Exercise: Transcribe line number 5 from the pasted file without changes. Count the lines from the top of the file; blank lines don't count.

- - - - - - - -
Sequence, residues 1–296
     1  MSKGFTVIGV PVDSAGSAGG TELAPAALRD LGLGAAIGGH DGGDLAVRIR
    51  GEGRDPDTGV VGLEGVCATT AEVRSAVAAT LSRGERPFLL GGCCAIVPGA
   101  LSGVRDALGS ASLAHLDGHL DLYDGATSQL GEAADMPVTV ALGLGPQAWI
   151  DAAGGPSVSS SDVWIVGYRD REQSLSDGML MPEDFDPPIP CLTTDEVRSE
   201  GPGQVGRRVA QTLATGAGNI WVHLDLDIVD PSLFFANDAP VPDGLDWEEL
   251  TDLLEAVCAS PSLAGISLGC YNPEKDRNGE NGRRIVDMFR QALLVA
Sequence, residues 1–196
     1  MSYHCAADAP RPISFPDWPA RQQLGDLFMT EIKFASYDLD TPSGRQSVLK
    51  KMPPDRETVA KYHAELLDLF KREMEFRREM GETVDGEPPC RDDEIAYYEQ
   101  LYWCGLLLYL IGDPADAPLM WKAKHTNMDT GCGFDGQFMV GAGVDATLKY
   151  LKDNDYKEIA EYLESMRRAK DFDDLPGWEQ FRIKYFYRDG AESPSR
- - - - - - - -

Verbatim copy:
   151  DAAGGPSVSS SDVWIVGYRD REQSLSDGML MPEDFDPPIP CLTTDEVRSE